First off, there’s something you should know about me: I’m a total, unashamed scrub when it comes to most video games. I’m the king of cheese; the leg-sweeper extraordinaire. If there’s an easy mode, I’ll take it. And yet, despite all that, I’m loving my time with Iceborne, the hard-edged expansion for Monster Hunter World – itself a breakout success for the long-running, much-loved series, earning 13 million sales and the title of Capcom’s best-selling game to date.
Capcom was kind enough to supply early access to Iceborne, and a decent amount of early access too – it’s been sitting on my PS4’s hard-drive for well over a month. And, for the most part, I’ve been absolutely terrified of it. Iceborne is best seen as an analogue of the old G Rank editions that used to follow in the wake of mainline handheld Monster Hunter games, folding in the base game along with a suite of new features and some truly testing challenges. Iceborne does all that, but being an expansion to Monster Hunter World it gets straight down to business, its opening monster – the bastard ice-shark Beotodus – not being shy in savaging new players. We’re not in Astera anymore, Toto.
Iceborne players should, in theory, be prepared for Beotodus, given that you can’t even knock on the front door of Hoarfrost, the new area introduced in the expansion, without having first completed the base Monster Hunter game. Going back to my original save file, I realised that – shock horror! – I couldn’t even quite claim to having done that; despite some 80 hours invested, I stopped playing while in the midst of taking down the final three elder dragons. Blame my ability to get sidetracked by one of the countless other diversions in Monster Hunter World, or my desire to simply go out into the wilds and run alongside my beloved Paolumu one more time.
So I was faced with one final grind, and given how muscle memory had atrophied in all those months since I was last fully invested in Monster Hunter World, it wasn’t one I relished particularly. Indeed, I put it off for almost the entire month, finding other games to play, and other things to do. After a week of getting stuck back in, I regret dragging my heels; Iceborne is a revelation, not just for the hardcore but also for the more casual player like myself.
Part of that’s in how, like all really good expansions, it elevates the base game. There are the small improvements – the radial menu you can now specifically use in the hub, the events schedule and the more regular events, the new difficulty level for smaller groups, the new HUD options – and there are the major ones. The clutch claw, for one, which makes mounting marks a breeze, or the simple, brilliant fact that you can now ride a Popo, taking one of Monster Hunter’s shaggy mammoth-a-likes for a ride around Hoarfrost reach.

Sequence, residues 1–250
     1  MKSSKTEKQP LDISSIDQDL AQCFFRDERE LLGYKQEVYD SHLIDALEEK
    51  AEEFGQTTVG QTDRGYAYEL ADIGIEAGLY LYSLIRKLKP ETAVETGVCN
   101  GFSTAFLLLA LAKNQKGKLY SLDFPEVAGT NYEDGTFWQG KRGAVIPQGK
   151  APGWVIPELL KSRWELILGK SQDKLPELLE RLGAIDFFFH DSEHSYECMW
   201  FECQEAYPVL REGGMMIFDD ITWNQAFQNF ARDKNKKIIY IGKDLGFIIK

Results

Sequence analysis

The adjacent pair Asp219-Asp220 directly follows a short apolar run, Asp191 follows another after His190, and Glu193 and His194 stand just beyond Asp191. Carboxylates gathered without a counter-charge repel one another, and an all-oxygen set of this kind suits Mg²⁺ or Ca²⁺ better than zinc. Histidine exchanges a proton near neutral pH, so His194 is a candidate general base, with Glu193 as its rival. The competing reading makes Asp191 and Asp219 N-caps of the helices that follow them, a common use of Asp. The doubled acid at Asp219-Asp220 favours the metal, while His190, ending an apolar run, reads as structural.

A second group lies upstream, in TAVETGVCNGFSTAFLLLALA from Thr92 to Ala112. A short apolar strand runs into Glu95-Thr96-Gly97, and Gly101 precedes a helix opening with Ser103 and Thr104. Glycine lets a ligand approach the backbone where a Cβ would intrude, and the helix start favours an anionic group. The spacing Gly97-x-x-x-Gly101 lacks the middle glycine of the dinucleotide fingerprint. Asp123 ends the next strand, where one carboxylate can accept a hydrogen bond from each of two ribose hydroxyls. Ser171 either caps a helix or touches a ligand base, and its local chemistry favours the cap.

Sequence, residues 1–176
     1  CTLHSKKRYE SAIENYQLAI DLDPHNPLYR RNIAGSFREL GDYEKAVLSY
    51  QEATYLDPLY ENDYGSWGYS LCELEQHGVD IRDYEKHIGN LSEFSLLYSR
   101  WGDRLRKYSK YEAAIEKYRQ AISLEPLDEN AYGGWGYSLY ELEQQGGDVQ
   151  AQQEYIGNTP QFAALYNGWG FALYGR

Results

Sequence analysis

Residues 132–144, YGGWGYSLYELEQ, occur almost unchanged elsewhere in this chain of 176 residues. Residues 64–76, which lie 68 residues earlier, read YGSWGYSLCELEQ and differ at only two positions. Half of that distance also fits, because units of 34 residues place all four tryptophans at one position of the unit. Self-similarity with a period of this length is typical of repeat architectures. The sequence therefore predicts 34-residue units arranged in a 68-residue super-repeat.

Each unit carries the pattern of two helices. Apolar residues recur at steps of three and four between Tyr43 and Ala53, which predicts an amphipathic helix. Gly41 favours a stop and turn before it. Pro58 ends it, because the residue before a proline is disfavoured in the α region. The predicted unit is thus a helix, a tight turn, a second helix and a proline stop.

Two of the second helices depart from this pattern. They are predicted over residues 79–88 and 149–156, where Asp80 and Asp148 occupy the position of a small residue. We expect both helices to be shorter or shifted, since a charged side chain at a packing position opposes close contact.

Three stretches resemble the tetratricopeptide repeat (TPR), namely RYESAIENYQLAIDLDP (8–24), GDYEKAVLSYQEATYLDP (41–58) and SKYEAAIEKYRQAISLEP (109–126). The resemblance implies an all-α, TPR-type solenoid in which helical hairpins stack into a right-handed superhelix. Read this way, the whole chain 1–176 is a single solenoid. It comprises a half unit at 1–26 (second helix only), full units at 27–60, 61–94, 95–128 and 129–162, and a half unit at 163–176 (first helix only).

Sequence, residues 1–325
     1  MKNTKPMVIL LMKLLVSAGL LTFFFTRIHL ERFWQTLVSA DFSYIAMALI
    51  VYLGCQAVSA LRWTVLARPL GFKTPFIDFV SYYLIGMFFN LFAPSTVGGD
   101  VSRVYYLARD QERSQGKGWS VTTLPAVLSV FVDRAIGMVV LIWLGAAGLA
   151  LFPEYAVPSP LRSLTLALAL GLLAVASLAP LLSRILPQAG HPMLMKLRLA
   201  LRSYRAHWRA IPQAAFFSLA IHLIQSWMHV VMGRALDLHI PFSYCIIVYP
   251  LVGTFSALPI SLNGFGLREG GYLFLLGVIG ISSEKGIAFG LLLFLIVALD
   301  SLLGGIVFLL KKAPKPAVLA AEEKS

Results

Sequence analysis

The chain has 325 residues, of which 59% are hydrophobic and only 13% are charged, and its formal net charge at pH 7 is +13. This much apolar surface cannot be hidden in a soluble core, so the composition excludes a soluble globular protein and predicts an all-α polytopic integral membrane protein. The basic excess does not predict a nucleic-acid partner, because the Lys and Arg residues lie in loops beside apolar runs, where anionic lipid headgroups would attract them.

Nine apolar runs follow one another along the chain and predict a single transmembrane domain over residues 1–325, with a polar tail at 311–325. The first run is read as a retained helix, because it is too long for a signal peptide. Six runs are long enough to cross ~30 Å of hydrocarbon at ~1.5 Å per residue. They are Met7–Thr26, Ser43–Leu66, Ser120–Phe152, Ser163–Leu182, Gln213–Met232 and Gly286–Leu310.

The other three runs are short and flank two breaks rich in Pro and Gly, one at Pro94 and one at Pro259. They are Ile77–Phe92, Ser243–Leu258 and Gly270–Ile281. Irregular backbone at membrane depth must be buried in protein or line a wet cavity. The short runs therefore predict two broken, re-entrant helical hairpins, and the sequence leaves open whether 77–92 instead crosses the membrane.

It’s enough to refresh some of the older challenges, and blunt their difficulty (be warned, though, that the Guardian Armour that’s introduced in Monster Hunter World as a way to speed new players’ path through the base game is no match for any decent piece of late game armour – and once you’re in Iceborne itself, your high rank armour will soon be swapped out for Master Rank gear that packs a much bigger punch). It’s enough to make me consider starting an all-new character just to enjoy some of those old monsters all over again, though having inched forward in Iceborne and seen how many of the original cast are repurposed and remixed I’d probably advise returning players against it.
What Iceborne really does, though, is make a great game even better. Some of the chest-thumping about Iceborne’s difficulty is an unfortunate byproduct of a game that’s all about showing off. Indeed, it’s woven into the very fabric of Monster Hunter – or, more accurately, in the gristle and bone and skin that makes up the clothes you fashion out of your kills, wearable trophies that let everyone know exactly how badass you are. You know that big bastard that’s been knocking you sideways out in the Rotten Vale? Well, I’m the boss of him, and here’s the hat to prove it.
What’s easy to lose sight of – and what I’ve been reminded of this past week – is how Monster Hunter has one of the most open-armed, approachable communities around, one that’s all-too-happy to show you the ropes and usher you through so that you can enjoy the series’ many delights. I’ve no shame in leaning on the kindness of others, making sure to play early in the morning so I can run with the expert Japanese hunters who tear through a tempered Nergigante like it’s a lowly Aptonoth.
Iceborne, with its stubborn challenges, can feel like it’s pitched more towards those expert players, but the joy of Monster Hunter – now, as ever – is how it embraces all playstyles, whether you’re thrashing about with dual blades or keeping a watching brief with a bowgun. Or, whether you’re veteran who wants to solo some of the biggest, baddest monsters, or a scrub like myself who’s happy to wade in the shallows and simply enjoy the spectacle. Iceborne does a decent job of catering to both, and there’s enough there to satisfy all corners of Monster Hunter World’s 13 million strong audience. So, don’t be put off by Iceborne – in truth, there’s never been a better time to get into Monster Hunter.